Forget LoJack, it's 2015. If you want to protect your car — and your enterprise's secure data — it's about time you add it to the list of devices your AppSec program protects. The recent BMW security flaw announcement proves that even manufacturers acknowledge this brave new world of software vulnerability. It might sound crazy, but the era of computer hackers stealing cars is upon us.
Picture this: You return to the downtown garage where you parked your car overnight, only to find it's not there. There's no broken glass, no skid marks from a trailer dragging it away — no evidence that anyone did any of the things old-school thieves do to steal cars. Where'd it go, and, more importantly, what does that mean for you and your enterprise?
This isn't a whacked-out Y2K movie starring Ashton Kutcher, it's a 2015 scenario that almost happened. Thankfully, BMW patched the security issue before brand-new cars started getting unlocked en masse, but the fact that this news went public means it's only a matter of time until hackers find another exploit or bug before manufacturers do.
As more devices are turned "smart," a firm's security focus has to shift from crowbars and ski masks to RFID scanners and hackers. For example, if your employees' e-mail gets pushed to their Wi-Fi-enabled car navigation systems, can hackers exploit a security flaw and enter your company's network? Can they unlock cars as nonchalantly as the rightful owners do and rifle through their contents without setting off alarms or looking suspicious? Soon, AppSec won't just mean Angry Birds on company phones: It will mean push notifications in cars, watches, shoes and glasses. Is your firm ready for that?
This brave new Internet of Things world is scary for anyone involved with network security. The vulnerability in the BMW security flaw also affected Minis and Rolls-Royces — which means cars of all prices and sizes were subject to SIM-card hacks. By intercepting the data transmission between smartphones and the connectivity features of BMW's newest cars, hackers were able to unlock doors and activate "a range of other services including real-time traffic information, online entertainment and air-conditioning."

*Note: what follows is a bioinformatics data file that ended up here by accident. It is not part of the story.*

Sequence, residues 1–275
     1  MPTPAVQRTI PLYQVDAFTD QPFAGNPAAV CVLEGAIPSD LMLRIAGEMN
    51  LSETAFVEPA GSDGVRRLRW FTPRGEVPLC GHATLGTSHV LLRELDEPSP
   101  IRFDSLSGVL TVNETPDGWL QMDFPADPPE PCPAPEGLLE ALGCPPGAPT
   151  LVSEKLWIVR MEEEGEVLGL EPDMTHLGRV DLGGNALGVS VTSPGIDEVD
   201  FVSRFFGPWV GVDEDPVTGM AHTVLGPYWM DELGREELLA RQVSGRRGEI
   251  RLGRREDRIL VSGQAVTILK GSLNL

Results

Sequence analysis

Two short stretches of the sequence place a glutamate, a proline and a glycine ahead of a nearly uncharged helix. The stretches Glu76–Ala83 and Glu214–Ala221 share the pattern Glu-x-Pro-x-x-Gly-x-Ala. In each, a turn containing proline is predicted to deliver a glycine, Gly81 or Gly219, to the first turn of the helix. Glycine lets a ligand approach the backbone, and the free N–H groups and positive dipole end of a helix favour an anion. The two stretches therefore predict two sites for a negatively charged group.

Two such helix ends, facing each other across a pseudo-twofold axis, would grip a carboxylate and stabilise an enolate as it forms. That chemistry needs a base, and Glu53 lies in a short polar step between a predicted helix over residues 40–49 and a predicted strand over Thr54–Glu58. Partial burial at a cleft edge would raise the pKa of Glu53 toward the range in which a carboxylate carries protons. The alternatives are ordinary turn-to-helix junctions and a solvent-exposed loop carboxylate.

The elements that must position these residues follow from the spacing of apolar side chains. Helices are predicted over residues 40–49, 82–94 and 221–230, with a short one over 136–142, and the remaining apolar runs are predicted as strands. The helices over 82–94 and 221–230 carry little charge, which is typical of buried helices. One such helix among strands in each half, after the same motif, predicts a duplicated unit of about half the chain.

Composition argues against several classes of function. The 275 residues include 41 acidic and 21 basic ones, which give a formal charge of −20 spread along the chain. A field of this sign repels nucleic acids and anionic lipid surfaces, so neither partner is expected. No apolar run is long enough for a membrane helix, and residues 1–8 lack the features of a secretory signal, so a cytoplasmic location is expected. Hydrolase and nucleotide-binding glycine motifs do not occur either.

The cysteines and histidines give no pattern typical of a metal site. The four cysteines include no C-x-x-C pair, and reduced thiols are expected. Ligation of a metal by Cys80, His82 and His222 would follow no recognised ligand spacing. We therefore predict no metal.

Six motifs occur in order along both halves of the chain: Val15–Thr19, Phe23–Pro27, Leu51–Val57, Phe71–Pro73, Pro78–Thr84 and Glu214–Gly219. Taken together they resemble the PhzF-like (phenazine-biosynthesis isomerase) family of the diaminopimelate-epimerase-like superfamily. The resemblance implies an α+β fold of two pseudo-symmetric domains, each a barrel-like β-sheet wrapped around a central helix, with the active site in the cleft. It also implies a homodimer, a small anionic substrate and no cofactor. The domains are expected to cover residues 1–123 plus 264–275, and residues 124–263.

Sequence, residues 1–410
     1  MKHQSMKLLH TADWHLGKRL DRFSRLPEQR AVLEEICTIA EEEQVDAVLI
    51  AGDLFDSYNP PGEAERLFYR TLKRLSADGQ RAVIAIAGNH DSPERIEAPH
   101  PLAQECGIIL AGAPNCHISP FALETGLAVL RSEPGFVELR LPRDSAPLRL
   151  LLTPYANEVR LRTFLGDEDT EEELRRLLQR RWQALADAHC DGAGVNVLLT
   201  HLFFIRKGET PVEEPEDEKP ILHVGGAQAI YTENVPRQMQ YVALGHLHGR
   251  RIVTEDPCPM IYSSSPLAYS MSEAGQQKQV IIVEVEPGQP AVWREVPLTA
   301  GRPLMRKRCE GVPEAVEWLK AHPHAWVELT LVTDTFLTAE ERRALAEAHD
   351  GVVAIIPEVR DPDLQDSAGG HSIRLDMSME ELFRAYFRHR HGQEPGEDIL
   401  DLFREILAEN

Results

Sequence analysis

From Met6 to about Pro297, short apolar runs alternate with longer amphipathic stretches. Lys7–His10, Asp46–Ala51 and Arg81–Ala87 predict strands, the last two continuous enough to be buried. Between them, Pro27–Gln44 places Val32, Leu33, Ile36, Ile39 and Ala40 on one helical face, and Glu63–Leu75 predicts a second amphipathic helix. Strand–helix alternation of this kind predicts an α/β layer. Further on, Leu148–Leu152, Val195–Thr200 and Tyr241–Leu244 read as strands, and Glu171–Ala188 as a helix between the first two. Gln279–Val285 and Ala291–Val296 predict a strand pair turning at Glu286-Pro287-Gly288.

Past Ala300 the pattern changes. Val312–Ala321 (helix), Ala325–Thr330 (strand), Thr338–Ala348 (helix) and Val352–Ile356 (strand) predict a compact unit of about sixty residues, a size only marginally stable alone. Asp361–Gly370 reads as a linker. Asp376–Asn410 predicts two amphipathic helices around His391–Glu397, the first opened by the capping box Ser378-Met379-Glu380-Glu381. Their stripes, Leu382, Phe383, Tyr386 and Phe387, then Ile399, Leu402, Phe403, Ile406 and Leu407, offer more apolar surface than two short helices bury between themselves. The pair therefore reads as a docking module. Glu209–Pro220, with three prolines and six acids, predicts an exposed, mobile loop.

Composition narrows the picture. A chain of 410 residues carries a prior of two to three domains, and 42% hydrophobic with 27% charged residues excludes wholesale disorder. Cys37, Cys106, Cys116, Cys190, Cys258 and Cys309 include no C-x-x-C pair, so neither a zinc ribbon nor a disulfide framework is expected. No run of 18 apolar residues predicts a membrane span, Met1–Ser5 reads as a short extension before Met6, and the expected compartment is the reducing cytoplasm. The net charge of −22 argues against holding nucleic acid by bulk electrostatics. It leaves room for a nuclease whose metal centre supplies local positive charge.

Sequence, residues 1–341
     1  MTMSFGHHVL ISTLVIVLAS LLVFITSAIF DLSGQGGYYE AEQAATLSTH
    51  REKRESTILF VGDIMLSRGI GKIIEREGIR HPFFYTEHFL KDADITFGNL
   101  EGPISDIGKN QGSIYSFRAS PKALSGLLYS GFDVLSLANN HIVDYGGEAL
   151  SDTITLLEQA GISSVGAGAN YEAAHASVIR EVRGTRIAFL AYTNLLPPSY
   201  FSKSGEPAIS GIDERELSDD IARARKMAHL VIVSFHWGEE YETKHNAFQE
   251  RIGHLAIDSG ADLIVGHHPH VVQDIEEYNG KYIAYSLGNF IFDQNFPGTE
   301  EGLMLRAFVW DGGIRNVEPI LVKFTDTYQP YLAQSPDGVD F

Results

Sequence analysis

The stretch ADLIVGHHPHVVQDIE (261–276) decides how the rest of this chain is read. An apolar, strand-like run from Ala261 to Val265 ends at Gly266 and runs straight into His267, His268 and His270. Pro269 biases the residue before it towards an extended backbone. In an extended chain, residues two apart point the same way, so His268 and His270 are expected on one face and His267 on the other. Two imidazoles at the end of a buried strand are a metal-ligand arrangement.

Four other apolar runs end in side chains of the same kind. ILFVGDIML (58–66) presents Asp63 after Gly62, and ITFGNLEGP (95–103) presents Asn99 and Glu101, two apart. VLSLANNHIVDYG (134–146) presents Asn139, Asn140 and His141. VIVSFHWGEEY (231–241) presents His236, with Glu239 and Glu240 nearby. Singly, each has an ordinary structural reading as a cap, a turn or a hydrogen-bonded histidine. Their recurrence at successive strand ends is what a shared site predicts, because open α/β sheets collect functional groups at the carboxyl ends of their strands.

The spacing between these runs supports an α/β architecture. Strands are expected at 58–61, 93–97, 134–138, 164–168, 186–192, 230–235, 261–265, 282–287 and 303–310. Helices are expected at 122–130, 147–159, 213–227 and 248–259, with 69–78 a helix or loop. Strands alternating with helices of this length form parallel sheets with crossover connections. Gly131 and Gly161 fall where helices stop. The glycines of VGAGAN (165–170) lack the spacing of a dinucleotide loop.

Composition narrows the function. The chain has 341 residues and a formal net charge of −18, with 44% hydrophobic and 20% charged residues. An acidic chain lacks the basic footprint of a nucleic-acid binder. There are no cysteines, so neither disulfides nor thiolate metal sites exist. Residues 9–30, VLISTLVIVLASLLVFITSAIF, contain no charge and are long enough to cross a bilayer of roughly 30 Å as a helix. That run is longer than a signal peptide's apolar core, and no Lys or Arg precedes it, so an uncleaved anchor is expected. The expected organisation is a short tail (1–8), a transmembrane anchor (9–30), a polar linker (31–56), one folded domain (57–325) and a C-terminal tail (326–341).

Imagine a mobile IT guy who drives around with enterprise hardware in his car. Soon he could be forced to explain to management how $20,000 worth of servers and printers went missing from his trunk without any evidence of a break-in. The recent BMW bug turned out to be harmless enough, but as the Internet and cars become more intertwined, the potential for disaster grows.
When employees are given more and more smart devices, the number of potential targets for hackers increases. Smartwatches are still in their novelty gimmick phase, but soon they'll be the gold-plated norm. What wearable or drivable device will come next? And are you ready to make sure it's part of a secure network?
As more third-party applications request permissions for access to e-mail, contact lists and other secure functions, make sure your security solution is vetting all of them. It's easier to protect against the next wave of smart vulnerabilities than you think, but it's also way too easy to forget that watches are newer devices, and that they haven't necessarily been pen tested as thoroughly as most trusted enterprise applications. Let the BMW security flaw be a warning, not a prophecy for the way things go for your firm in 2015.
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